Some of their comments:

  • Kelley McKinnon was a wonderful supervisor and always was available for questions or concerns. She made me feel welcome in the rehearsal space and welcomed any feedback that I had on what I was observing. The internship also provided a good opportunity to watch the OCS actors through an entire rehearsal process. I was also solicited by the director at times for my feedback on the actor’s character development, which I appreciated because it allowed me to think critically and creatively, as well as make me feel like I was actually a part of the process.
  • I was always treated with respect and support. Interning at the OCS really feels like you are a valued part of the company and that the work you do matters.
  • Everyone in the education department helped and supported me. I hope my own work helped them in some way.
  • I felt like I was a necessary part of the process, and wasn’t just doing busy work.
  • The department was helpful in creating a fun, lively environment. I never felt excluded or patronized, and was thanked every single day after work. I always felt like I was getting things done and making progress, and Jenny and Erin always made me feel like part of the OCS family.
  • I took the internship to see how a theatre ran and what a theatre degree could do for me outside of traditional roles. My time with the OCS has helped me focus on what it is I would like my theatre degree to turn into in the future.
  • The internship helped me develop research, communication, and management skills that will be useful in any field I pursue. When I entered the internship I had limited knowledge of the skills required to complete the internship but I acquired those skills quickly and can apply them to any job. The internship was a learning process that has set me up to succeed in any job I strive to attain.
  • This internship gave me some great experience working with great people that I hope will help me continue to learn how to make connections and pursue work in professional theatre.
  • Incredible opportunity to watch the process of one of the best Shakespeare companies in the country. Would recommend to anyone!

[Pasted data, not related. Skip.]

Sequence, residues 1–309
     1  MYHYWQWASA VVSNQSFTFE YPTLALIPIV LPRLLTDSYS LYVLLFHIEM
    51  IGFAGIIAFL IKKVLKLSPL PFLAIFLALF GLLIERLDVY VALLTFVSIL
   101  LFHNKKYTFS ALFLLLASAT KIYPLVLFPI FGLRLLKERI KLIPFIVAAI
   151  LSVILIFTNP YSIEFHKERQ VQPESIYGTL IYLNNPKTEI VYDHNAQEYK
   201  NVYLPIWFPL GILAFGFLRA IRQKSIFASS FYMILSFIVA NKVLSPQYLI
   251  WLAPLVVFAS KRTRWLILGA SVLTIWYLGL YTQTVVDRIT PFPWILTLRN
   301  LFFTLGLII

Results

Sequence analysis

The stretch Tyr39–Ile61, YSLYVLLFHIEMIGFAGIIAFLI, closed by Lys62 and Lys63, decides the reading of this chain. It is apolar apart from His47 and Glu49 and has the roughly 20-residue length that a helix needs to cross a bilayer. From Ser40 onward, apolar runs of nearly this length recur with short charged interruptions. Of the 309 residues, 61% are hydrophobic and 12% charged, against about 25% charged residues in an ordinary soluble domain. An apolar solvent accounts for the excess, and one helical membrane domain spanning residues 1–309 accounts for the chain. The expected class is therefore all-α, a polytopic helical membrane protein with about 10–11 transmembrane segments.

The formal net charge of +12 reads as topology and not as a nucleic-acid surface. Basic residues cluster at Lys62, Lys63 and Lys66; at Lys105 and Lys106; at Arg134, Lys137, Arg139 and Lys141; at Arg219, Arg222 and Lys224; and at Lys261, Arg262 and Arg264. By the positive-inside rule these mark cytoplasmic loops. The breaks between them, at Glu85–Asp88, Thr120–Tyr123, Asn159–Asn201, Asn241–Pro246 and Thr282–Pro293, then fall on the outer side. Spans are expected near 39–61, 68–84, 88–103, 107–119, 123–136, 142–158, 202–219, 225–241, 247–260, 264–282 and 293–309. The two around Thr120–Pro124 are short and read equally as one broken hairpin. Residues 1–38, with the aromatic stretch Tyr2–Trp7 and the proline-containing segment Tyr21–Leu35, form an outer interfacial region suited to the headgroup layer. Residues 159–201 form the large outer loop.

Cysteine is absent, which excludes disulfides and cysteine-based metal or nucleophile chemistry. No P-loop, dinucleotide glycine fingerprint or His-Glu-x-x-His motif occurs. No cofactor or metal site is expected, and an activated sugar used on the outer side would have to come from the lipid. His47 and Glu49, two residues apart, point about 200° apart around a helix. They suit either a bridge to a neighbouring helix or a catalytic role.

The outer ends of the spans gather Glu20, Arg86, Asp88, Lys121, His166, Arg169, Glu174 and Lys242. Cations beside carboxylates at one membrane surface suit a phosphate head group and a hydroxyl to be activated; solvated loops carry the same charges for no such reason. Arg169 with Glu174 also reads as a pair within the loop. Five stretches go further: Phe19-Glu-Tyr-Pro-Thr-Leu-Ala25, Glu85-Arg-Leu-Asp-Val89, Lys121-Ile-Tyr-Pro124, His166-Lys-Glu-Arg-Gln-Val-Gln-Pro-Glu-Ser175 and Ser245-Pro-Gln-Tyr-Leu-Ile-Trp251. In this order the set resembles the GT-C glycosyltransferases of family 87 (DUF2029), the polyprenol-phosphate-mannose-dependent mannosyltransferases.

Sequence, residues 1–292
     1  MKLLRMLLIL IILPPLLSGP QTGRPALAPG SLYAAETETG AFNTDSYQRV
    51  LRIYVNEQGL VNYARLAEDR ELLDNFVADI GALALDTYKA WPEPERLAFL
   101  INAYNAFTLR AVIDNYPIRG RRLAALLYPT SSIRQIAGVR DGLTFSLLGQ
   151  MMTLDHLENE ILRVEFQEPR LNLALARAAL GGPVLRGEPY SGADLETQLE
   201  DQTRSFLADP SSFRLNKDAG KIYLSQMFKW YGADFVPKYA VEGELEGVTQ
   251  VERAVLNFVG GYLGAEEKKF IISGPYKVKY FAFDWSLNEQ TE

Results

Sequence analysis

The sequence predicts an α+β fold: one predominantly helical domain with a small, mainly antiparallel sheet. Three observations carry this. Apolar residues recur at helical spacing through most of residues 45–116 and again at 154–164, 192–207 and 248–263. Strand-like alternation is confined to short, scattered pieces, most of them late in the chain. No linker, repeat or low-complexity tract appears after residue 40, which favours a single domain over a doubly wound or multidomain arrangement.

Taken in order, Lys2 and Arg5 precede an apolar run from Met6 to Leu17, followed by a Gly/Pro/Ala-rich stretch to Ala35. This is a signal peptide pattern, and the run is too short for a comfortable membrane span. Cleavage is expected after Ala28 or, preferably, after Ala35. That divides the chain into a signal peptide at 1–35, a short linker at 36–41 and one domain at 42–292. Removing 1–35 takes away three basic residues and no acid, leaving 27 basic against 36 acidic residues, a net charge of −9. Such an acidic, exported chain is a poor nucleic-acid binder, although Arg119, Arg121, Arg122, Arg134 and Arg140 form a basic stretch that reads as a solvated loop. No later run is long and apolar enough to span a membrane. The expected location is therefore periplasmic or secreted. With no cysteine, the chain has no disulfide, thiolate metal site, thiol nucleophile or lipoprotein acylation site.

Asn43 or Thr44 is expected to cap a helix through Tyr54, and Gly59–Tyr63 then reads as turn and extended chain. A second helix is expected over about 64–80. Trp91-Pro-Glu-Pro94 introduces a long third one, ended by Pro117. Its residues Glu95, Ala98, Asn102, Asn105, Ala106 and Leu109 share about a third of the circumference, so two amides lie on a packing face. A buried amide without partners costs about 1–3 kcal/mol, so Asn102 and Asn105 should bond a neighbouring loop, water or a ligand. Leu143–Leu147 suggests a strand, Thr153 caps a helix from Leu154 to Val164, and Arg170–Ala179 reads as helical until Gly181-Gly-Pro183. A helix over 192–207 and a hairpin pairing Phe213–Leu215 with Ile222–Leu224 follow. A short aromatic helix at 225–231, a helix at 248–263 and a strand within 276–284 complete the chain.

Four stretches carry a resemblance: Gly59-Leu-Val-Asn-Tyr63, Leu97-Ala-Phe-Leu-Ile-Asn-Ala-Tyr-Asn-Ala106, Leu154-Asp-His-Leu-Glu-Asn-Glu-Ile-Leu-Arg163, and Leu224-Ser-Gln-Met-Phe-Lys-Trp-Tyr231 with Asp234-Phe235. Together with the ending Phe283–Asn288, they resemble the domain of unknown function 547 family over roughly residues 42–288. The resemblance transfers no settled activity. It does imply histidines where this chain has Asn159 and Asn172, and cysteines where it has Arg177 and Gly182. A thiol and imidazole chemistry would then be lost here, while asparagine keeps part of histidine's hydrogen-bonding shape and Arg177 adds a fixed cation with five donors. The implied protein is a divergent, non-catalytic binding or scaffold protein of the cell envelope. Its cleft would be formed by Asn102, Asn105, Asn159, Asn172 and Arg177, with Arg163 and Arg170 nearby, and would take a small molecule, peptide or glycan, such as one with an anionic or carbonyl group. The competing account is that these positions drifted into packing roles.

• The OCS inspired my current career path. In the best of all worlds I will be working for a theatre with similar ideas and goals. Everything I did and/or learned to do I will most likely do again; from the more glamorous tasks, such as doing research or analyzing verse, to the mundane, such as archiving and office moving.

–Sarah

Book Giveaway: The Bookman’s Tale, by Charlie Lovett

BookmansTale

As promised, thanks to the generosity of Viking Press, OCS Education is pleased to host a giveaway contest for The Bookman’s Tale by Charlie Lovett. In case you missed my review, I will reiterate that this was a wonderful, creative, and scholastically responsible historical mystery novel, and I highly recommend it for Shakespeare enthusiasts — particularly of the breed that I know frequents the Blackfriars Playhouse. So, this is your chance to get a copy for free, straight from the publisher — just in time for the summer holidays!

All you have to do to enter is tell us: What show in our 25th Anniversary year, opening June 21st, are you most looking forward to, and why?

We will randomly select a winner from the submissions and make our announcement on Friday afternoon. Please note that due to the publisher’s restrictions, the winner must have a U.S. mailing address.

Book Review: The Bookman’s Tale, by Charlie Lovett

BookmansTaleThe Bookman’s Tale is the story of Peter, an antiquarian bookseller who, in the midst of grieving for his recently-departed wife, finds what appears to be a Victorian-era watercolor of her, pressed inside an old copy of Edmond Malone’s An Inquiry into the Authenticity of Certain Miscellaneous Papers (the book exposing William Henry Ireland’s forgeries of Shakespearean manuscripts). Though he knows the painting can’t possibly be of his wife, he feels compelled to find out the identity of both painter and subject. Hunting down this information leads him to stumble across an early edition of Robert Greene’s Pandosto, the source material for The Winter’s Tale. While this would be an extraordinary find on its own, what makes this particular book even more astonishing is the marginalia: a series of notes apparently written by Shakespeare as he composed his play. Peter thinks that he may have realized his life-long dream to find evidence proving once and for all that Shakespeare wrote the plays attributed to him, but he knows enough of the history of forgeries to be wary of deception, and so he sets out on a quest to determine the book’s authenticity. He’s not the only one on the trail, however, and people with a lot to lose if Pandosto proves authentic are willing to kill to preserve its secrets.